Category visual art

Birds Led to Absorbing Art on the Bikeway in Arlington

A sudden flurry of bird activity in my yard this past weekend got me out on the mild Monday, February 3, to revisit three artworks in easy walking distance from each other: Extraordinary Ordinary Birds, “Colony,” and “Penny the Swan.” All three added to my appreciations of birds and art.

Follow up on Elliott Kayser’s Pigs from their Year on the Greenway

The photos in this post come from January 1, 2020, the last time I visited Elliott Kayser’s eight ceramic pigs along the Rose Kennedy Greenway. They had kept their stations well for almost a year. Now that the Year of the Pig is almost over they are gone!

From a very informative Greenway blog post, I have learned that five of the pigs have moved on to the Fuller Craft Museum in Brockton. Chiefly the blog post clearly tells a story with great photos of ten steps involved in creating the pigs. If you wondered about the origins or future of these sculptures, about 250 pounds each, read that blog post.

Rob “Problak” Gibbs Gave Momentum to his Mural, ‘Breathe Life 3’

Today I want to note this one of many murals by Rob “Problak” Gibbs and share some ways it adds to my awareness of what a mural can do. This one can actively demonstrate hand signs for its title when you view it through an app in your device. My post, so far, won’t directly reveal the actions but gives you links to see them or, better yet, go to the wall on Tremont Street at Camden Street, where you can enliven them yourself.

Walks through Kip Tiernan Memorial on Dartmouth Street become Memorable

Since The Kip Tiernan Memorial near Old South Church in Copley Square was dedicated in early October 2018, I have walked through and also paused there several times. My photos in different seasons suggest how the sheltering structure subtly directs our flow and where we stop to read Kip Tiernan’s words. I feel that the design and details function as intended, to enhance memories and convey an overarching mission.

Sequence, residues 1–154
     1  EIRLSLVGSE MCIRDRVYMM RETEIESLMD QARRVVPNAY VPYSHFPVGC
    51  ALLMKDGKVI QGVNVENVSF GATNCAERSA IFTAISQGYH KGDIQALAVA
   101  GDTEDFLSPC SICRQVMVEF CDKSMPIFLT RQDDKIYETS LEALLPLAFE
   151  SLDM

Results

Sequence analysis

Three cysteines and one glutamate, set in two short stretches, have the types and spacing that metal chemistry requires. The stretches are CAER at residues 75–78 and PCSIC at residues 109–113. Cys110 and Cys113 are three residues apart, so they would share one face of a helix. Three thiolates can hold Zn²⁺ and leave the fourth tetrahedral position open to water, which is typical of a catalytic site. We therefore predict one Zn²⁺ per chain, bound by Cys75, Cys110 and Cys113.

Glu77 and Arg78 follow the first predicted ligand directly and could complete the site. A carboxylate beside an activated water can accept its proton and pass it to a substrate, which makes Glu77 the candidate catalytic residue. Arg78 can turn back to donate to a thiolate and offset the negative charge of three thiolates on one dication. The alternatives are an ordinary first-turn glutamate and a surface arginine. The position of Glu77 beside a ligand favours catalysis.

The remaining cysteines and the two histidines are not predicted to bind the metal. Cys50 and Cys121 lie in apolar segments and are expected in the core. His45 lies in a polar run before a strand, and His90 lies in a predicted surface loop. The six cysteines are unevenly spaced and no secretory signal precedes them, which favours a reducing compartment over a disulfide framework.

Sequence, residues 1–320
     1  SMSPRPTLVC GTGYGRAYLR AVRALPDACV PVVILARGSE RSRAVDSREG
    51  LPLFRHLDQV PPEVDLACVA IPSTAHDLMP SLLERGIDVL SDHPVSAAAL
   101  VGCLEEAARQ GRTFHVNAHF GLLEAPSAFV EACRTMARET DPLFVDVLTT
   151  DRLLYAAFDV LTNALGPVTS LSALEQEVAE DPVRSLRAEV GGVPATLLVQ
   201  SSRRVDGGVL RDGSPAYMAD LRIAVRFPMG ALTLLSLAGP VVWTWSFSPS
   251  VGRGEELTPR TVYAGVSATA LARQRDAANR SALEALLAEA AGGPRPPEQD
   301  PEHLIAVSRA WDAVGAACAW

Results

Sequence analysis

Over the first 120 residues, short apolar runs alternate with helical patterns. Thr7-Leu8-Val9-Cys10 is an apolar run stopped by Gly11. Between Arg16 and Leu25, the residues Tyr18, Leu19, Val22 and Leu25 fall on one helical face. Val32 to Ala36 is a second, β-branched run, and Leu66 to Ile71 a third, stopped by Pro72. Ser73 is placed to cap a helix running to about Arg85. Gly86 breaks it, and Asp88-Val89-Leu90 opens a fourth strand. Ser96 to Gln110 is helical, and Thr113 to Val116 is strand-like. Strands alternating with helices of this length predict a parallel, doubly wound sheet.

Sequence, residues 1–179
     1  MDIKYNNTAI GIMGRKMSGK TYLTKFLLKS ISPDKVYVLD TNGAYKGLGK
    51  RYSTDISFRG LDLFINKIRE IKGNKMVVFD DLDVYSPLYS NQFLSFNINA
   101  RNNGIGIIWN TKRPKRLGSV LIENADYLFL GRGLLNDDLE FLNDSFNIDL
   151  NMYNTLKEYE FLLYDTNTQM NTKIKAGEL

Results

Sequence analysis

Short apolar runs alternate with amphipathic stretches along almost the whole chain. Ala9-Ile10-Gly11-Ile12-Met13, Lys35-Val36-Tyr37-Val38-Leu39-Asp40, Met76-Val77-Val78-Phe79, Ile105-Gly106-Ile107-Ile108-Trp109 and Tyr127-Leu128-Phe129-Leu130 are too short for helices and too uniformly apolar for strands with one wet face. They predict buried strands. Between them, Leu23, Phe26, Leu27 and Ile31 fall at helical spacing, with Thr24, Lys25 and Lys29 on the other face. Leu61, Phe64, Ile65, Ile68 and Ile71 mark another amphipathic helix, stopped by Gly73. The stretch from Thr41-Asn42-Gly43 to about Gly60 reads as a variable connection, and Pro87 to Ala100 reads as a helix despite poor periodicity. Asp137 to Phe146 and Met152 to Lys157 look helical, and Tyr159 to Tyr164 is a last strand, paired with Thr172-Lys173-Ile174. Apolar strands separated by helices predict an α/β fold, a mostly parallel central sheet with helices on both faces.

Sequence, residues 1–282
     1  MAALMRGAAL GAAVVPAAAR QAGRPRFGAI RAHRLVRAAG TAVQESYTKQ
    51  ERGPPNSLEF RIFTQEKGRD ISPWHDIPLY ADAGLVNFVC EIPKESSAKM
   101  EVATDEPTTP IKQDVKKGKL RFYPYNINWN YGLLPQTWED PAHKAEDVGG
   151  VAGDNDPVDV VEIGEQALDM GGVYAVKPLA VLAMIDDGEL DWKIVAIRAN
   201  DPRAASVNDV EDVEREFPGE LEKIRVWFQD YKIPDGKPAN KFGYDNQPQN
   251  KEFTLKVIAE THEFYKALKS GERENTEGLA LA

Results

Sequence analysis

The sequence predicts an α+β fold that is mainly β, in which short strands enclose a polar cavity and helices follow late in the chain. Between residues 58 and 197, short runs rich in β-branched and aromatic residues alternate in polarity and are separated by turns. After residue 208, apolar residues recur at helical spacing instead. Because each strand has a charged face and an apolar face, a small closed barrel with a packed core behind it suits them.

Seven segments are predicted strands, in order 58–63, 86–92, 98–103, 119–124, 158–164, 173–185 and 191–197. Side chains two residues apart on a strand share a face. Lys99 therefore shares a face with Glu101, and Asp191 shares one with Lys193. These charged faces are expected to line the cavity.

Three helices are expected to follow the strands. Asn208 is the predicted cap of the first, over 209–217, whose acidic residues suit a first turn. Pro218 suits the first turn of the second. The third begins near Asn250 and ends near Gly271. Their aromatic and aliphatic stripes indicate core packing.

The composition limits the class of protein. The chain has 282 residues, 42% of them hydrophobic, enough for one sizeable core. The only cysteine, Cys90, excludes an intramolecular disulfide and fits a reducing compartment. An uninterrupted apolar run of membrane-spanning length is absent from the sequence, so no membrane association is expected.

Structure Guides Discoveries in Alicja Kwade’s Art at Castle Hill and MIT

I visited Alicja Kwade’s TunnelTeller at Castle Hill in Ipswich in mid-November and hope to do so a few more times before it goes on April Fools’ Day! This post shows my photos of Kwade’s impressive work , including outdoor art at MIT. It provides links to more persuasive photos and information. I’m posting now so local friends and colleagues can plan to go before Kwade’s art has gone.

Madeleine Lord’s Sculptures Inspire Action in Boston and Beyond

Four of Madeleine Lord’s scrap-metal sculptures have enlivened the lawn of Federal Reserve Bank of Boston for at least four years now. Through those years I have wanted to post about them but hoped to take better photos and learn more about the artist first. Earlier in November I got to see more of her art in the New England Sculptors Association exhibition Spirit of Place at Castle Hill.  I still need to take good photos, but I can link you to strong ones on the artist’s website and two other sites listed below. Those sites also offer fascinating information about Madeleine Lord’s art and process, such as her statement here.

David Fichter and David Phillips Honor Community Histories in Public Art

David Phillips is a sculptor; David Fichter is a muralist. With their distinctly different materials, both are masters of rendering historical figures and events. Both have created public art that is densely packed with researched images and documents. As public art, the expansive colorful mural and the tactile intimate bronze relief wait openly for anyone who wants to focus on some sign or scene and make their own associations.